[Date Prev][Date Next]   [Thread Prev][Thread Next]   [Thread Index] [Date Index] [Author Index]

Re: Ext3 behavior on power failure





Jan Kara wrote:
armangau_philippe emc com wrote:
Hi all,

We are building a new system which is going to use ext3 FS. We would like to know more about the behavior of ext3 in the case of failure. But before I procede, I would like to share more information about our future system. * Our application always does an fsync on files * When symbolic links (more specifically fast symlink) are created, the host directory is also fsync'ed. * Our application is also going to front an EMC disk array configured using RAID5 or RAID6. * We will be using multipathing so that we can assume that no disk errors will be reported. In this context , we would like to know the following for recovery after a power outage:

1. When will an fsck have to be run (not counting the scheduled fsck every N-mounts)? 2. In the case of a crash, are the fsync-ed file contents and symbolic links safe no matter what?

Thanks,
This is an interesting twist on some of the discussion that we have had at the recent workshop and in other forums on hardening file system in order to prevent the need to fsck.

The twist is that we have a disk that will not lose power without being able to write to platter all of the data that has been sent - this is the case for most mid-range or higher disk arrays.

If the application can precisely use fsync() on files, directories and symlinks, it wants to know that all objects are safe on disk that have completed a successful fsync. It also wants to know that the file system will not need any recovery beyond replaying transactions after a power outage/reboot - simply mount, let the transactions get replayed and you should be good to go without the fsck.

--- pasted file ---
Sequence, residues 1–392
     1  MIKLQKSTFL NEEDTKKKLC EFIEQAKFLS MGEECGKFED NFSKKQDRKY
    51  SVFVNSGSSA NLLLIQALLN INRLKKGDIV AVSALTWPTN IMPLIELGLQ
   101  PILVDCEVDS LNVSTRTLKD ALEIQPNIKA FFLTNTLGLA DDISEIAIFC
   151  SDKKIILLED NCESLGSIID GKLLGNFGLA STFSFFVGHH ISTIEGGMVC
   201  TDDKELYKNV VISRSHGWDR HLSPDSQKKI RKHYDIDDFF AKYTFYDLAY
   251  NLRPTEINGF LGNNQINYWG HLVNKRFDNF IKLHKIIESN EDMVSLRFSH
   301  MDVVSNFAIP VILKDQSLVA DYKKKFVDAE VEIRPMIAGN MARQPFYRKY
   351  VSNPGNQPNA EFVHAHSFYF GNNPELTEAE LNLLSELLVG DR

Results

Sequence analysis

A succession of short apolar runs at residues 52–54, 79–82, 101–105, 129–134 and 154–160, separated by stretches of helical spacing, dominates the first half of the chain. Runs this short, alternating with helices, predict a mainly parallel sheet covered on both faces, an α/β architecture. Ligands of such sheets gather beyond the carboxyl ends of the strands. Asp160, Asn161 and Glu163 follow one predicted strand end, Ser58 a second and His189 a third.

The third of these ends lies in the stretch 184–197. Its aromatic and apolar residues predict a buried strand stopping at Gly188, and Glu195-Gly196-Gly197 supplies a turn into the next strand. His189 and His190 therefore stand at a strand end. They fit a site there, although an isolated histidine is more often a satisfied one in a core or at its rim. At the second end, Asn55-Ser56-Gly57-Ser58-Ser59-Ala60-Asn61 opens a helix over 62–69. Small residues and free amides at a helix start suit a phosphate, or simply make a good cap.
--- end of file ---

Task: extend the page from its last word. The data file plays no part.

The hard part of the question is to understand when and how often we will fail to deliver this easy case. Also, does any of the hardening in ext4 help here.
  I'm probably misunderstanding something because the answer seems to be
too obvious to me :) But anyway I'll write it so that you can correct
me:
  Due to journalling guarantees you should get consistent FS whenever
you replay the log (unless there are some software bugs or hardware
problems which is why fsck is run once per several mounts anyway).
  If you fsync() your data, you are guaranteed that also your data are
safely on disk when fsync returns. So what is the question here?

								Honza

I think that the real question here is in practice, how often does this really hold to be true? When it fails, how long does it take to recover the file system?

There are a lot of odd errors that can happen when you monitor a large enough number of file systems. In my experience, I would guess that disk errors are clearly the leading cause of issues, followed by software bugs (file system, firmware, etc) and then a group of errors caused by various occasional things (bad DRAM in the server/HBA/disk, bad cables/etc). Note that using a high end array does not eliminate errors, it just reduces the rate (hopefully by a large amount).

What is really hard to predict is the rate of the failures that require fsck with our current file system (say for a specific hardware setup) and how changes like the checksumming in ext4 can help us ride through these errors without needing a full fsck.

This rate has a direct impact on how much pain an fsck will inflict and how important redundancy is to avoid having the file system be a single point of failure.

ric


[Date Prev][Date Next]   [Thread Prev][Thread Next]   [Thread Index] [Date Index] [Author Index]